The goal of this project is to identify autoantibodies that are present in the blood of dogs who are newly diagnosed with Addison’s disease in three breeds: Standard Poodles, Portuguese Water Dogs, and English Cocker Spaniels. To accomplish these goals, we have been focusing on (1) collecting blood samples from dogs across all three target breeds, and (2) employing methods that allow us to detect these autoantibodies.
In terms of collecting blood samples, during the first two years of this project we have collected all the samples required from Standard Poodles and Portuguese Water Dogs. Currently, we are focusing our efforts on increasing the number of newly diagnosed English Cocker Spaniels we have enrolled in the study. We are also continuing to actively recruit newly diagnosed dogs across all three breeds through many online resources.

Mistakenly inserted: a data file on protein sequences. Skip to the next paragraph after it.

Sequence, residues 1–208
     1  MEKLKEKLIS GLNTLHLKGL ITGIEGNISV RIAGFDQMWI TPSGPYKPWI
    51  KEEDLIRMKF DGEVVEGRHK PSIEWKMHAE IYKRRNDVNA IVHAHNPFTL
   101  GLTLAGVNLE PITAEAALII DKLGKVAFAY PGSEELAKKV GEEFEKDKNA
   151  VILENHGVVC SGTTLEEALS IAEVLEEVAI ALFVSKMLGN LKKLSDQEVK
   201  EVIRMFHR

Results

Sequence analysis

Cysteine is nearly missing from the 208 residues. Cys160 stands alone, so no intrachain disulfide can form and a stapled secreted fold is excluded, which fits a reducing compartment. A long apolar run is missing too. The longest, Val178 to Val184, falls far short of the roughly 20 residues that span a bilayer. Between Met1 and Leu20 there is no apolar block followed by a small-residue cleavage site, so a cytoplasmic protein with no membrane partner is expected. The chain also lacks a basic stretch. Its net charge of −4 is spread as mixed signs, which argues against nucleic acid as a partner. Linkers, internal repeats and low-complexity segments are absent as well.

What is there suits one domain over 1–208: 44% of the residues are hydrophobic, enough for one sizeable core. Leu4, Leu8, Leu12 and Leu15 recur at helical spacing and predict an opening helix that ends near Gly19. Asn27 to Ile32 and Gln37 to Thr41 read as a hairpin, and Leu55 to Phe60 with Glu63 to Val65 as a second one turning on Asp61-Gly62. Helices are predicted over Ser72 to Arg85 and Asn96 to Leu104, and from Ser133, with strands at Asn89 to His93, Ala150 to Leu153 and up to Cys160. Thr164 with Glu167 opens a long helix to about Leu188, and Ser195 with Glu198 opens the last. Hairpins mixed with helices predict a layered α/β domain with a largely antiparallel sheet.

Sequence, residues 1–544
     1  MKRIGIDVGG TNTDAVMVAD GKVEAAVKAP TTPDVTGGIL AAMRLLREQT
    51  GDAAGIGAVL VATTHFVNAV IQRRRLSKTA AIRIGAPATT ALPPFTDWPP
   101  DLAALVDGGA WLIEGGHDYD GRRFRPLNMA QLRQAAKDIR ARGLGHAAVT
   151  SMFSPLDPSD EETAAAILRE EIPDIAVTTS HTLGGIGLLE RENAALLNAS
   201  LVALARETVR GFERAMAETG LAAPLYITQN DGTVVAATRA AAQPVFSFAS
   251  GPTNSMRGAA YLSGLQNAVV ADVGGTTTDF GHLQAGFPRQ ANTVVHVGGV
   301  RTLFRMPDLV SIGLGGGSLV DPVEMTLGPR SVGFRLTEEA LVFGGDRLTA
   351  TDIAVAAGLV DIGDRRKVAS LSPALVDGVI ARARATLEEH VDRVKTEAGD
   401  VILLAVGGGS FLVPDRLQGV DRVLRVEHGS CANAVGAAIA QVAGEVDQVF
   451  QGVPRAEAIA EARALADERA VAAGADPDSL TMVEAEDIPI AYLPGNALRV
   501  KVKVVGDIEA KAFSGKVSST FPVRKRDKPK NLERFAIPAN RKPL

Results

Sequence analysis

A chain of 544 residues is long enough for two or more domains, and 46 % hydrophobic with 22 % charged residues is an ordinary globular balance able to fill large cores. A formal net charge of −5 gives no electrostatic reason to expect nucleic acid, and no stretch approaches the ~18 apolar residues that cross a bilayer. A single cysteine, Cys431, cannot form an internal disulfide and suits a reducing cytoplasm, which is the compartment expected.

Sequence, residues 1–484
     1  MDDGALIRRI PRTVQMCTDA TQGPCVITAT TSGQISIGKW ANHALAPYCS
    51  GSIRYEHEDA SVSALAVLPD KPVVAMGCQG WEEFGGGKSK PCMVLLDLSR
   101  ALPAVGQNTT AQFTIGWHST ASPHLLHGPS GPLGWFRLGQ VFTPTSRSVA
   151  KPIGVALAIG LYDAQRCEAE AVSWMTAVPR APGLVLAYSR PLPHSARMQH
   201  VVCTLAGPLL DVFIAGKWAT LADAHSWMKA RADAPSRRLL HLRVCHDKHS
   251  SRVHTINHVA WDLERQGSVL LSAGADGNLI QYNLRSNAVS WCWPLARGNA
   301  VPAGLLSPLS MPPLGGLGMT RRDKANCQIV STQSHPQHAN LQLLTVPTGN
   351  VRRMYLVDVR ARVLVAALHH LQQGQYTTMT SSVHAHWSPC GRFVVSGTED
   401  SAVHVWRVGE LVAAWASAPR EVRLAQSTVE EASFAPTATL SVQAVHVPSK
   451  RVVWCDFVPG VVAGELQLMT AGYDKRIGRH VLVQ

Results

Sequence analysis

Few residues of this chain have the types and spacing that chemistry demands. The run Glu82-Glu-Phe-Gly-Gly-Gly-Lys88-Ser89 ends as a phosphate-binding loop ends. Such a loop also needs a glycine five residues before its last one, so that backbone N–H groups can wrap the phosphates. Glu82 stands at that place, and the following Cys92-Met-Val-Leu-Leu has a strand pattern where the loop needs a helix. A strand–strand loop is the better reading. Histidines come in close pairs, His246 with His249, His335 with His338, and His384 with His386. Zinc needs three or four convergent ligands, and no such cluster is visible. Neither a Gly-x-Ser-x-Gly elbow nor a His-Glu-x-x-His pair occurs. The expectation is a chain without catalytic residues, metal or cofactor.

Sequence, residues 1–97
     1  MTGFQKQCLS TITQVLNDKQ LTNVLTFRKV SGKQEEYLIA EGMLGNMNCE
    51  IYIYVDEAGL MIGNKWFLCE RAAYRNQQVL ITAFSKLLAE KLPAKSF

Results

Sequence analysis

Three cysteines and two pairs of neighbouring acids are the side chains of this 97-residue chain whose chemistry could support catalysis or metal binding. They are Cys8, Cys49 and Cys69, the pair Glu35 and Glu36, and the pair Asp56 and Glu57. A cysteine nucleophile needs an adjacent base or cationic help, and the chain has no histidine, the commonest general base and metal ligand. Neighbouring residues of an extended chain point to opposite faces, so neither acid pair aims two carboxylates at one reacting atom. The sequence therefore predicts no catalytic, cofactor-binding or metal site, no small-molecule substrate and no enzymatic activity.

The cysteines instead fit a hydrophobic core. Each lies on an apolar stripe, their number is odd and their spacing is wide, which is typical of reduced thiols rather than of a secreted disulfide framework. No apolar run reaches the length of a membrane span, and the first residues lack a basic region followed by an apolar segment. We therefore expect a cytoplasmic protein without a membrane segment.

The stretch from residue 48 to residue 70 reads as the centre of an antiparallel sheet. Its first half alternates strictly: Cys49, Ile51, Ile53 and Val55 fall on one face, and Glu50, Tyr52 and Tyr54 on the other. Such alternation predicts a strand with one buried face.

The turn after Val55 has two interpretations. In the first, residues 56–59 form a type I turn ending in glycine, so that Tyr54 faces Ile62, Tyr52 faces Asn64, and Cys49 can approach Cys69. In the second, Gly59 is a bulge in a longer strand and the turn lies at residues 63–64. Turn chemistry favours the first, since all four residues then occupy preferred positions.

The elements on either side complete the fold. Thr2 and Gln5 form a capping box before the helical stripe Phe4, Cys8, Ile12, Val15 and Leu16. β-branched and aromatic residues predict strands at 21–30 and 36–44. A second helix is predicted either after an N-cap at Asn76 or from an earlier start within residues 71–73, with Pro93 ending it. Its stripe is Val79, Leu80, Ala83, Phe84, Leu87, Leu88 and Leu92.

Over the past year, we have started to use these samples to detect the presence of autoantibodies in newly diagnosed dogs. Given some of our early results, we focused our early efforts on a type of experiment called a Western blot. To date, we have performed over 20 Western blots per breed to test for anti-adrenocortical autoantibodies in all three dog breeds. These results strongly suggest that there are autoantibodies that are consistently present against one of several adrenal proteins in newly diagnosed dogs. This is an exciting finding!
Currently, we are focusing our efforts on narrowing which adrenal protein(s) are the most likely target of these autoantibodies. Once we have done this, we will proceed to the next phase of our work, which is to synthesize the relevant adrenal protein(s) in cell culture and test individual dogs for the presence of anti-adrenocortical autoantibodies. Our work has been impacted by Covid-related lab shutdowns for the past four months. This has delayed our progress; however, our laboratory is now open and we are resuming our efforts as quickly as we can, despite ongoing restrictions on the amount of time we can spend in the lab.